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Reviews are not a new invention.

I’m sure if you translated Greek scrolls you’d find “Socrates really wows them when he speaks. Highly recommended!”

There are reasons why reviews are a timeless route to more business.


Excuse me if I’m doing this at an idiot-simple level. The most important things are simple.

Reviews are important because they are a form of third-party endorsement.

It’s not you telling the prospective customer how great you are. Someone else (presumably a disinterested party) is saying it, so you can believe them.

As with all sales and marketing, it’s all about the trust.

The most trusted endorsement of all is someone you know and otherwise trust, possibly because they are in the business. That is why many people end up hiring their brother-in-law’s friend to do their websites. Of course, they usually regret it, but that’s another story.

But not everyone has a brother-in-law in the automotive trade. Or lawyering. So reviews are the number one trust builder by survey.


In one major respect, things are different, have changed. We’re all mainly digital – online now.

That’s a BIG difference-maker.  For one thing, reviews can influence search rankings. So for example, having a lot of reviews on your Google My Business page will help that page rank on Search and on Maps.

It also makes a direct, immediate connection between reviews and purchases. We experience this in our business, where we regularly get calls from people who saw our reviews and called us at once. Never even looked at our website.


Should reviews go on your website or third-party sites like Google My Business and Yelp?

The short answer is “yes.”  You can’t have too many reviews or have them too widely spread around. Reviews showing on search engine results pages and third-party sites help you to get them to visit your website in the first place or take other action.

Reviews on your website help build confidence and increase the amount of time people spend on your site and especially influence the conversion rate – the number who actually complete an action such as purchase, call, or fill out a form.


Which is better, one REALLY great testimonial or 100 five-star ratings?

One testimonial might be made up, or the exception.  100 5-star, even without reviews, has a big impact.  A 4.9-star rating on a large number of reviews is highly trusted. People know things can be faked. They also know there are limits on how far that can go.

By the way, for the same reason, a perfect 5.0 review score on a large number of reviews is also unbelievable. SOMEBODY is going to have something bad to say. Everyone knows there’s always one idiot out there, and discounts it.


By our own survey, by far the best place for off-site reviews (not on your website) is Google My Business. People read and respond to Google Reviews as much as they do to all others combined, in most industries.

That doesn’t mean others aren’t important or valuable, Yelp in particular. But make sure you’re doing great on GMB.


Don’t invent reviews yourself.  You may think no one will know the difference but they always have an air of inauthenticity.

Don’t pay for reviews. It violates Google’s terms of service. Not worth the trouble. In fact, if you follow their rules strictly, you can’t even send someone a box of chocolates or a discount coupon in exchange for a review.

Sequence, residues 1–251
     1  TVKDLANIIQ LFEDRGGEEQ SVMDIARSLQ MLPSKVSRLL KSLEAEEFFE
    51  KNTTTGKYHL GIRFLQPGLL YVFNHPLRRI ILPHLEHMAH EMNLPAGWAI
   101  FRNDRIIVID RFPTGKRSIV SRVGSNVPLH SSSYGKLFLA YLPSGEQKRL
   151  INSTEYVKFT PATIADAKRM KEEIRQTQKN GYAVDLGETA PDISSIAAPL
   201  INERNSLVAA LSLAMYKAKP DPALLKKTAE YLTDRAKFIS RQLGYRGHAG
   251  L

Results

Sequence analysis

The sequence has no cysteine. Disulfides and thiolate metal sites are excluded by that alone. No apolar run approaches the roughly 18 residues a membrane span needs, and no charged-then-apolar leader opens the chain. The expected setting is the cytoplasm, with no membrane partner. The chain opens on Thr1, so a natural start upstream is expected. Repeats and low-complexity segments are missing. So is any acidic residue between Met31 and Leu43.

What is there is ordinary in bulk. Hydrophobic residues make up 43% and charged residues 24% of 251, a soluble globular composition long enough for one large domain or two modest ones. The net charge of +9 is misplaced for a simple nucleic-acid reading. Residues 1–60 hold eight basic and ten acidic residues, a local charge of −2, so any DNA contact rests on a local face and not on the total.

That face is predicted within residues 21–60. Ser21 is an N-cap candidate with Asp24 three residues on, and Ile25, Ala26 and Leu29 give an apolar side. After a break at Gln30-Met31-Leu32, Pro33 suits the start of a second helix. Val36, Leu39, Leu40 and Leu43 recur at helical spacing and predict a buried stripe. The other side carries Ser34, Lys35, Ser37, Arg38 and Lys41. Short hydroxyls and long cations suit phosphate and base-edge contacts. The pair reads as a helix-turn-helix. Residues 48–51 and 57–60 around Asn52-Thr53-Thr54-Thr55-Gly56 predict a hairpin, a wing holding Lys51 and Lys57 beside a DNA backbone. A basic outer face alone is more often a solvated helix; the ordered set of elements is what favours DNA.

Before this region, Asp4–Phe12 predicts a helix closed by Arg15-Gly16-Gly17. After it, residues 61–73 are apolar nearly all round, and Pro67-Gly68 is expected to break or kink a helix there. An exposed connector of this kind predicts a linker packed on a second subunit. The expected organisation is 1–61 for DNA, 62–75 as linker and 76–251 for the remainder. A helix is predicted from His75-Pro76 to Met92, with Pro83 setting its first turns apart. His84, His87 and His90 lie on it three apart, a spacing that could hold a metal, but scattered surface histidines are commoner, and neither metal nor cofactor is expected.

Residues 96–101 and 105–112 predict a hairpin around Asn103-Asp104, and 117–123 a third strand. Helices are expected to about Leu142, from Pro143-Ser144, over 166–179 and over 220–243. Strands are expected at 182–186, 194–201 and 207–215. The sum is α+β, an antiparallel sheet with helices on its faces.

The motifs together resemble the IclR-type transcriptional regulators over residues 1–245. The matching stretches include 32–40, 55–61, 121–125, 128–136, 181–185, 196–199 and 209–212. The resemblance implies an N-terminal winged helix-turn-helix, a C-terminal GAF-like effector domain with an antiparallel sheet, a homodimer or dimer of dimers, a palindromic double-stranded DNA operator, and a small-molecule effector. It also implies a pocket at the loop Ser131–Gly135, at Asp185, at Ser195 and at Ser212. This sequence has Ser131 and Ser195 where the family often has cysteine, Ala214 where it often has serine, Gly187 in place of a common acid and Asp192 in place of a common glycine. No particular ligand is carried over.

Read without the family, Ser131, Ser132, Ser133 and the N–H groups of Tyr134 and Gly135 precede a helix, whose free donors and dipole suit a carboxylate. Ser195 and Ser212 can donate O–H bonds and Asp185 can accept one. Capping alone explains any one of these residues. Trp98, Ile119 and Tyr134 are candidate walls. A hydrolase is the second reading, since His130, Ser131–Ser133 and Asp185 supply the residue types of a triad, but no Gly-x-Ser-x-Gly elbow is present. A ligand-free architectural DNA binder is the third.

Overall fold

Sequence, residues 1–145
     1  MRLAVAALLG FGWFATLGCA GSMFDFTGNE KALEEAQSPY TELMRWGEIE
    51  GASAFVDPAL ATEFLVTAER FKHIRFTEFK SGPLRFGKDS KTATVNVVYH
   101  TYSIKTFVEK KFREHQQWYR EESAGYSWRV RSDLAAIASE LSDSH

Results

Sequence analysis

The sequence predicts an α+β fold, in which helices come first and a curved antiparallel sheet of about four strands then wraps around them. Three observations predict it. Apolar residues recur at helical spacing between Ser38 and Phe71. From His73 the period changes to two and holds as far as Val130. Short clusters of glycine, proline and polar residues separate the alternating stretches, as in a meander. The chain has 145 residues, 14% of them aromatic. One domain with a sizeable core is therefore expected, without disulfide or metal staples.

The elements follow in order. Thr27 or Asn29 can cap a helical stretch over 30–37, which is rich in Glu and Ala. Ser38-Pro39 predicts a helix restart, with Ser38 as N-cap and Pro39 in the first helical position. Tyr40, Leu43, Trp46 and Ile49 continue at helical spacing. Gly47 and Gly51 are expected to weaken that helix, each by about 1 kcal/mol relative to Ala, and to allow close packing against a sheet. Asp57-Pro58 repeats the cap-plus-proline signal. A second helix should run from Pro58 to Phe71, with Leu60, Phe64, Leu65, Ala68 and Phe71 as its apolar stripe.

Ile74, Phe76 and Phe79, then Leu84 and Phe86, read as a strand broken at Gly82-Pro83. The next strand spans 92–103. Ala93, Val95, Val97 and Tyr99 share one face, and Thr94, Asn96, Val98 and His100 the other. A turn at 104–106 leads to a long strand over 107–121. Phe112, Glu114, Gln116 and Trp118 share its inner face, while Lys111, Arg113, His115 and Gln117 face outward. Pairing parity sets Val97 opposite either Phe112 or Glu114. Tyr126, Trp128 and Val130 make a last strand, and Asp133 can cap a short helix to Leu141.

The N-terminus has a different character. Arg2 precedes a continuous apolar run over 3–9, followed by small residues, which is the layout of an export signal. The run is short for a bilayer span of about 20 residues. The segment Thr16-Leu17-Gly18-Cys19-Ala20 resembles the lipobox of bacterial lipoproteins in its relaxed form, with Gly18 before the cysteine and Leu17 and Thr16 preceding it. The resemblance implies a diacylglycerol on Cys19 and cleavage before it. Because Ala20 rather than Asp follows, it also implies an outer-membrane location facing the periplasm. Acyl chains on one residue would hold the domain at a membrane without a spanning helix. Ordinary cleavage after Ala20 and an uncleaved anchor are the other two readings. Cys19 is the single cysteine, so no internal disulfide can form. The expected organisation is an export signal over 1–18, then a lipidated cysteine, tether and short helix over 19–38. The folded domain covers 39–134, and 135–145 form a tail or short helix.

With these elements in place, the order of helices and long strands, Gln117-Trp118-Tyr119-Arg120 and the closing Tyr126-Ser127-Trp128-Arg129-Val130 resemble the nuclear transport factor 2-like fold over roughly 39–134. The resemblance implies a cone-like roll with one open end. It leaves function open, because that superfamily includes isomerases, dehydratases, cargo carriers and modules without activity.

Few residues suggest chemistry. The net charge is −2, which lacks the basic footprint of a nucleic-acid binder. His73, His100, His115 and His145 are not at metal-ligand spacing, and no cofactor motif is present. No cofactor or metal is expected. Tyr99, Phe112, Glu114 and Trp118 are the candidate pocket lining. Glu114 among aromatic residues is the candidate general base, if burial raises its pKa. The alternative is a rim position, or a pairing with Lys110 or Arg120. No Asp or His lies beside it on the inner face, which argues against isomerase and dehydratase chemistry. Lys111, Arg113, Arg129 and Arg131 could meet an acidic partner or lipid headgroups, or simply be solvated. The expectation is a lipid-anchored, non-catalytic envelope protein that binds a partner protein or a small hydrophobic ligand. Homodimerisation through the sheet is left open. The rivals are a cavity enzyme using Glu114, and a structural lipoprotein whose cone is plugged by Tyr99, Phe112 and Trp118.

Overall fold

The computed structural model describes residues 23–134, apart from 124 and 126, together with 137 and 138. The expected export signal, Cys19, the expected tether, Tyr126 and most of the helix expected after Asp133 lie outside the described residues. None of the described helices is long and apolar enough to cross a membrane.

Do make sure your customers are happy, both with what they bought and with your customer service. It’s kind of hard to get good reviews otherwise, am I right? Do set up a system to solicit reviews from happy customers. Let’s face it. Most customers are never going to bother writing a review no matter how happy they are. You make up for it with quantity – set it up so every happy customer gets asked. AND make it easy for them to do so.

Here are some known successful actions:

We have health care practices with tablets dedicated for reviews, already open the right page. The patient comes out of their visit saying how great it was, the receptionist hands them the tablet and asks for their review.

For contractors, service technicians go on calls with stacks of postcards that solicit reviews and give instructions on how exactly to do so. Any happy customer gets handed a card. The technician doesn’t have to make any pitch. Service technicians aren’t salesmen.

You send follow up emails to every customer, with links to go to Google My Business or other pages where they can do reviews.

There are lots of ways to do this. Any method that asks large numbers of customers for their review and makes it easy as possible for them to do so, will work.


Face it. You will get bad reviews. The customer just didn’t understand what they were buying. Or they were having a bad day.  Some bad reviews are just mistakes – they weren’t a customer of yours at all.  And yes, sometimes competitors will as a tactic do fake bad reviews. Unethical? Of course.  Contrary to Google’s terms of service? You bet! But knowing they’re wrong doesn’t make them go away.

So what do you do about it? Don’t ignore it. Don’t freak out. Do reply to the review – nicely, asking for a chance to make good on the problem. If you have no record of them as a customer, say so. If it seems clearly malicious, Google has a way to deal with it, but you should know the chances of getting a review removed unless the author removes it, are low.

The basic way of dealing with bad reviews is to bury them in good reviews.  One bad review in 50 will bother no one but an idiot.


Reviews is something you work on, keep working on, and work on some more.

It takes a while to build an impressive quantity of reviews.

So make this a regular part of your business – not something you work on and drop, or work on by fits and starts.

That the winning formula for reviews.

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